I give 2-5 years for that to be trew so I will wait for that day...
Chocobollz 12th March 2010, 16:27 Quote
Quote:
Originally Posted by cybergenics
Measuring a disk or PC's boot time is a spurious past-time. Youtube is full of videos of people claiming their PC or Mac is fast because it boots Windows or OSX in a short time. Any fresh installation devoid of applications will boot WIndows quickly, even without tweaks and on slow disks. When you start having Itunes and sludge that Adobe installs running at startup, that's when you boot times travel back into the dark ages. I had Pentium M laptop running XP that booted in about 20 seconds, from hitting the power key to being ready to use. But had a Q6600 system at 3.5 running XP (before Vista was installed) with faster drives, more ram etc, that took about a minute.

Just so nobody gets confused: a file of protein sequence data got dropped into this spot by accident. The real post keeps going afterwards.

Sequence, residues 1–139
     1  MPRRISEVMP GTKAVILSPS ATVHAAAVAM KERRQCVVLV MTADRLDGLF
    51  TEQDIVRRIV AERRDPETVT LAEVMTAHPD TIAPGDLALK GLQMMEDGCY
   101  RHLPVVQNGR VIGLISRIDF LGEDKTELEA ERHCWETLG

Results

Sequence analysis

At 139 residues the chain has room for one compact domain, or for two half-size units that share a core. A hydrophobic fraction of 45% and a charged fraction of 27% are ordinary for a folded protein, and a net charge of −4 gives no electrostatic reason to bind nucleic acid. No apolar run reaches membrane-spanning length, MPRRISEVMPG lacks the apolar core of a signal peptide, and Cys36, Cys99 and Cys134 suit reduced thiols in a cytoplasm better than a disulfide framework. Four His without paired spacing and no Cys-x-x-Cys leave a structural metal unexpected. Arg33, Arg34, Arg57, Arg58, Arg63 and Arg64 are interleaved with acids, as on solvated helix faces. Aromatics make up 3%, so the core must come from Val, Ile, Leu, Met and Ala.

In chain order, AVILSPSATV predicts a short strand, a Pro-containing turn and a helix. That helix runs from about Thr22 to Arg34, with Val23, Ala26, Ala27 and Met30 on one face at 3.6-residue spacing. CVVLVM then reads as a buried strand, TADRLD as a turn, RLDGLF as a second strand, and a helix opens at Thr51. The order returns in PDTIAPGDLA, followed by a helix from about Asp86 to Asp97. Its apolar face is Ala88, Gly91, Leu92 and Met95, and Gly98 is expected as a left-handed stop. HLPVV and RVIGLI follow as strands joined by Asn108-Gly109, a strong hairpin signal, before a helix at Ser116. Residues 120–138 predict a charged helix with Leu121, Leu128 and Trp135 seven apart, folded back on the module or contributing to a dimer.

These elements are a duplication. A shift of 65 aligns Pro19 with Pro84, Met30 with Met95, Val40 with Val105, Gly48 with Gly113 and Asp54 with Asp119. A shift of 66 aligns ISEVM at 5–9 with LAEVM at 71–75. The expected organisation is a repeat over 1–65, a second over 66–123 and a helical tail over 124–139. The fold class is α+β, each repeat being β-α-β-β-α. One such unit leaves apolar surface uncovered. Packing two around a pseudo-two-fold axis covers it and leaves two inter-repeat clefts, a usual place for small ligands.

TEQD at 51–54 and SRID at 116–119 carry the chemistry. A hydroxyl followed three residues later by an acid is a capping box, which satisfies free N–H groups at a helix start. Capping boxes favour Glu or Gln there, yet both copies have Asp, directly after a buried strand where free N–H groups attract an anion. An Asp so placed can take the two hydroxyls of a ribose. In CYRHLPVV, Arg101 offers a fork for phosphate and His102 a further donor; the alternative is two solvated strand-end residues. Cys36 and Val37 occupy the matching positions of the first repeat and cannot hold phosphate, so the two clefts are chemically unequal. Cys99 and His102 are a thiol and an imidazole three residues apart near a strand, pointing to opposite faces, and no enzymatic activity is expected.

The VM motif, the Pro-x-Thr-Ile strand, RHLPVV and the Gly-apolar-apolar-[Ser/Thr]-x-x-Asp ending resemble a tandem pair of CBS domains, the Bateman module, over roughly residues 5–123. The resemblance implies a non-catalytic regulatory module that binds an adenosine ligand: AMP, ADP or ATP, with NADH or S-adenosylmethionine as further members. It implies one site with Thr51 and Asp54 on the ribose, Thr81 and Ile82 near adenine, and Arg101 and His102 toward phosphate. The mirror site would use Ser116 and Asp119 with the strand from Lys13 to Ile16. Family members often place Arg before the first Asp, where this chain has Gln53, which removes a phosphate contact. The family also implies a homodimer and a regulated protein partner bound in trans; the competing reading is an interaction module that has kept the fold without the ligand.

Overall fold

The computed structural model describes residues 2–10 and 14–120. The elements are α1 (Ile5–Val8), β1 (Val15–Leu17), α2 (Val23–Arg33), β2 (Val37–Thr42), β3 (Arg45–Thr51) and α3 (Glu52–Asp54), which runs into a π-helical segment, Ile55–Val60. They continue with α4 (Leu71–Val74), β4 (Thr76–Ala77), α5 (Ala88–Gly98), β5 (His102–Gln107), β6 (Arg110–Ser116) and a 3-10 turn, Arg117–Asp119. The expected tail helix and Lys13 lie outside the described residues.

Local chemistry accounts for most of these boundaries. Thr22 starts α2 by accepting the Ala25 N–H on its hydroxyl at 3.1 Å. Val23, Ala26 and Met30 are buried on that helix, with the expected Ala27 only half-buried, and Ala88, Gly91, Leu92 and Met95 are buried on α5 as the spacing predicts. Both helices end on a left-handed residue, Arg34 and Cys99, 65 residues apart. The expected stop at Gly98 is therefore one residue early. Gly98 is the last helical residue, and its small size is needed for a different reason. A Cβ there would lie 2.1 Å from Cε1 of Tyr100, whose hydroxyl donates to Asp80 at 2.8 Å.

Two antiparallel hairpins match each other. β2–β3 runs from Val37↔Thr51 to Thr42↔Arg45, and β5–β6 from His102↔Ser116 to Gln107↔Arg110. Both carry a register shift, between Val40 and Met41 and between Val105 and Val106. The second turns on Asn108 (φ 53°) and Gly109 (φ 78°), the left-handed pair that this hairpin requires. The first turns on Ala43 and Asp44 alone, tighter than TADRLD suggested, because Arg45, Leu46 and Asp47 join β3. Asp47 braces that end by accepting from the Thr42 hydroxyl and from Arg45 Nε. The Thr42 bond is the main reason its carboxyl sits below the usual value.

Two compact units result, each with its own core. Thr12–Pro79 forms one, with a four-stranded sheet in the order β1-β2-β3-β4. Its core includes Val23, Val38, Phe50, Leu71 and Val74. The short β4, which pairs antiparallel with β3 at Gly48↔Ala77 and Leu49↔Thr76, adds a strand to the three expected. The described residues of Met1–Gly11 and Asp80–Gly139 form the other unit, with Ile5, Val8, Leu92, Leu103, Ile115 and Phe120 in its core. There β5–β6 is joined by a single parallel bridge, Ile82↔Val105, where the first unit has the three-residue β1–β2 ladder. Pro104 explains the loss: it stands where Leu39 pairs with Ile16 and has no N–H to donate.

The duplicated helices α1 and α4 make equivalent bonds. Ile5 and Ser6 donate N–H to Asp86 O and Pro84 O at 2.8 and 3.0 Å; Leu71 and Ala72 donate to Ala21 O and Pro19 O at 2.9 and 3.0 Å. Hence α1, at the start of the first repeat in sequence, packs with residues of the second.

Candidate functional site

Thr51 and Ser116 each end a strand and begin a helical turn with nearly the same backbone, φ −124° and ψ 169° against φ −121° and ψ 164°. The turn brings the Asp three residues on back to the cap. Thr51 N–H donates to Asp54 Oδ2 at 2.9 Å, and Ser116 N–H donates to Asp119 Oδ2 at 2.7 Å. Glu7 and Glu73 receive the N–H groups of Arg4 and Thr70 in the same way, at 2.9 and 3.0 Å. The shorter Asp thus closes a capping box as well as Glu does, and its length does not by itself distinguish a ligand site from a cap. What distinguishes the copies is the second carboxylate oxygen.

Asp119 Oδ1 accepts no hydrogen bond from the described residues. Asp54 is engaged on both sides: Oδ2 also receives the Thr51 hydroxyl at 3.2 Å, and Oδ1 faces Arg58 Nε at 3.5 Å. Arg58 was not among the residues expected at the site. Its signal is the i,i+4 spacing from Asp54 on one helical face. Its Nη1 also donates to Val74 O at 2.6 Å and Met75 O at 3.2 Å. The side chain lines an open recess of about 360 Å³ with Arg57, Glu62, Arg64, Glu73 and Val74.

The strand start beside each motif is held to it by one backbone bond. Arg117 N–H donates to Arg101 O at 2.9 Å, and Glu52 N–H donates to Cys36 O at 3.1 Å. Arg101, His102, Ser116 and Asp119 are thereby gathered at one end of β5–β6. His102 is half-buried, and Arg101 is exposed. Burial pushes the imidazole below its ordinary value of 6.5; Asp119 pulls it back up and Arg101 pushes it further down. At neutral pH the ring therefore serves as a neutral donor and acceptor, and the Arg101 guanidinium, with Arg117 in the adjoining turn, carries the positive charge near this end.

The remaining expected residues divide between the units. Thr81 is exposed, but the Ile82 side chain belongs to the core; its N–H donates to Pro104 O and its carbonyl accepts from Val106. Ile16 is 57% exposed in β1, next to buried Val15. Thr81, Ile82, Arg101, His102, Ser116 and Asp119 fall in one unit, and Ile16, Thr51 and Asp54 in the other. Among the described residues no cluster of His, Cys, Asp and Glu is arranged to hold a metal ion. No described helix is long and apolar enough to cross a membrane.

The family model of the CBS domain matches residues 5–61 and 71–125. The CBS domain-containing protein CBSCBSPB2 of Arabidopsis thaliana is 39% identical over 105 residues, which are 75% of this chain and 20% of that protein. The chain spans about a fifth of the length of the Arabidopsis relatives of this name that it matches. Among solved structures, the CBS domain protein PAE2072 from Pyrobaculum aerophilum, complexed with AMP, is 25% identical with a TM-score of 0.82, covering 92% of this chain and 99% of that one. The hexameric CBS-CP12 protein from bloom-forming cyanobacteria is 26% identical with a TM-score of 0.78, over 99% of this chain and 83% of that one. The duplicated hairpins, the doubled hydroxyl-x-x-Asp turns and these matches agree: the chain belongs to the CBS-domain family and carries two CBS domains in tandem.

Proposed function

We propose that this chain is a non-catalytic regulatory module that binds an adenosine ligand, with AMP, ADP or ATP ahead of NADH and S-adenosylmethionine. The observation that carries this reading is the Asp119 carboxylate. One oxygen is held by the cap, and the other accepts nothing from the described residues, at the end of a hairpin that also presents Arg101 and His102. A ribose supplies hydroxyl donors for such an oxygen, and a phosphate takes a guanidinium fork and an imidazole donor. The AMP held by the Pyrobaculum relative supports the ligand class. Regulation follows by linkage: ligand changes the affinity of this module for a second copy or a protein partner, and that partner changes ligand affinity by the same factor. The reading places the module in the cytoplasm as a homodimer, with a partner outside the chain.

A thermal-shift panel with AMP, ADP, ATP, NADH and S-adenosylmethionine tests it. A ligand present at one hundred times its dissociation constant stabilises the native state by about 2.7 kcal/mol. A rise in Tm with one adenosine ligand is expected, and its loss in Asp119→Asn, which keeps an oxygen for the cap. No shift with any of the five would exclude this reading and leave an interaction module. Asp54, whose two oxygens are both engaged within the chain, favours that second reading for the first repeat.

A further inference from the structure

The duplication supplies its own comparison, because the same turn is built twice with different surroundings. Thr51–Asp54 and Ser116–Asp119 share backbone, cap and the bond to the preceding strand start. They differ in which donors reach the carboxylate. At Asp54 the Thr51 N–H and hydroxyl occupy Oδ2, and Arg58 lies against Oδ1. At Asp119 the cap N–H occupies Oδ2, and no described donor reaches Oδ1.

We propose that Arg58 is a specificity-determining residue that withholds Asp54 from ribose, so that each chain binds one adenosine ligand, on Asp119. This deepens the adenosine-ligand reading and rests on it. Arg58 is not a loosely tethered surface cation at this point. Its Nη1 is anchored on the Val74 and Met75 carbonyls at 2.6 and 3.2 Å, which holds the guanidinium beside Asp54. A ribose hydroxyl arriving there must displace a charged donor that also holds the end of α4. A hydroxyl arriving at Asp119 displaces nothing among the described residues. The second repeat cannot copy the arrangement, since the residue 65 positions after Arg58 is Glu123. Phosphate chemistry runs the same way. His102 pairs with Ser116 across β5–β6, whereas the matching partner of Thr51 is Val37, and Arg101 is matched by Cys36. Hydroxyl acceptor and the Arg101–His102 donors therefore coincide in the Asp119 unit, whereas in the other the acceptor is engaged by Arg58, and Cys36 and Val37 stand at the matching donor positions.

In other words, its naff all to do with hardware, boot times, most of the time.

Yeah I agree. And also, why we even have to do restart the computer? I myself always put my computer on standby or hibernate whenever I'm finished with it, because it'll save a lot of time, eg. you don't have to wait it to boot, don't have to reopen all of your most used programs, etc. I only do a warm/cold boot maybe once in a week to make it fresh again. It's so simple right? After all, that's what standy/hibernate used for, to save time doing reboot!
HourBeforeDawn 12th March 2010, 21:42 Quote
Quote:
Originally Posted by Naberius
Would be pretty good as a boot drive for my media centre, all depends on the price though. If it comes in at £65 or less then I might have to pick one up.

I was thinking the same thing.
Moyo2k 14th March 2010, 13:38 Quote